If Olympus Has Fallen is an unapologetic throwback to ’80s Cannon films, London Has Fallen is a modern action movie where the lead happens to be an old school Cannon hero, forcing his tagalong to react in disgust at his horribly inappropriate behavior. If that sounds like it might get annoying, I promise you it never does. Eckhart knows how to sell every such moment and he has a nice onscreen camaraderie with Butler. They are peas in a pod when it comes to visibly enjoying themselves, with Butler playing the winking throwback one-liner machination and Eckhart as the grim, gruff modern hero.
Instead of slaughtering countless North Koreans and American traitors, this time we get to see Banning shoot, stab, explode, and smash his way through hordes of Middle Easterners and British traitors. Pakistan might be the source of the attack, but going off of random lines of dialogue in the film, to quote “it’s a United Nations of people who fucking hate us”. A throwaway line meant to brush off the fact that many of the assailants hail from different ethnic backgrounds, no doubt.
This is also a decidedly male-centric action film. Sure we have Angela Bassett and Radha Mitchell in there, but neither gets all that much screentime. This holds true in particular for the latter, who is sadly relegated to playing the “pregnant wife at home worried about her stab-happy man” trope this time out. If we get a third film, I’d like to see her have more to do. We all know Mitchell can handle it, so let her have agency and get in on the fun.
The second half of the film gives us an action-ready heroine in the form of MI6’s Jacquelin Marshall (Charlotte Riley), but sadly it is a tease that goes unfulfilled. Introduced right before another big action sequence, she is unfortunately shuffled off to spend the rest of the film in the MI6 base of operations, where she mostly just stands around spouting off expository dialogue. When she finally does get to fire a gun, it’s too little, too late. Perhaps we can get a female equal to form the other half of a buddy team with Banning, should we get a third film? Let the ladies have some fun too, guys!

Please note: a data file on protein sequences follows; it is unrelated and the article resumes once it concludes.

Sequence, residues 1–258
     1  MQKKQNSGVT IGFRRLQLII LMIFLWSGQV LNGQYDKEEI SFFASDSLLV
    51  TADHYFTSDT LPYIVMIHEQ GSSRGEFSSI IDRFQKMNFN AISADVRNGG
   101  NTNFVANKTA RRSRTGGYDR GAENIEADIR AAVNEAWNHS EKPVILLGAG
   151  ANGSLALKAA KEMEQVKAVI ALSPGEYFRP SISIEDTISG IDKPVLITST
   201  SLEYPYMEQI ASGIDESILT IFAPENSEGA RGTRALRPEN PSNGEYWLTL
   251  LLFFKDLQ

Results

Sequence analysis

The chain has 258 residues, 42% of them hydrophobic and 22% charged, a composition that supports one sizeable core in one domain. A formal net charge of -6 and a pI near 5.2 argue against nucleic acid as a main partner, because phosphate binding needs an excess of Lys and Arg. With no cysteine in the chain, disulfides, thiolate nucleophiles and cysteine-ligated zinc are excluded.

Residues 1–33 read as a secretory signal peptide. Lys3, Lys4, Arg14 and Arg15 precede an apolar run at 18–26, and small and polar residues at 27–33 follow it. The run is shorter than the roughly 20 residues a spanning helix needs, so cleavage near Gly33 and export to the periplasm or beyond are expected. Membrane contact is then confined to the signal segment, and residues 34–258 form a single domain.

Is this film offensive? Absolutely and in a number of ways. For better or worse, it is unapologetic and quite upfront about its off-color nature. It knows exactly what kind of movie it is and even comments on that from time to time, courtesy of Eckhart’s aforementioned commentary throughout. Assuming this series continues (and odds are it will), I’ll be curious to see if they adjust their story based on reviews and fan reactions once more, as they clearly did here to an extent.
London Has Fallen is yet another modern Cannon film from the studio closest in style and output to Cannon these days: Millennium Films. In place of Chuck Norris, we get a stab-happy Gerard Butler. It’s not quite as good as its predecessor, but if you are looking for an entertaining action film that’s a bit more old school in nature, you’re going to get what you paid for. I’ve said it at least once already, but it’s worth repeating: you already know whether or not this film is for you. Act accordingly this weekend.
Bloody hell indeed…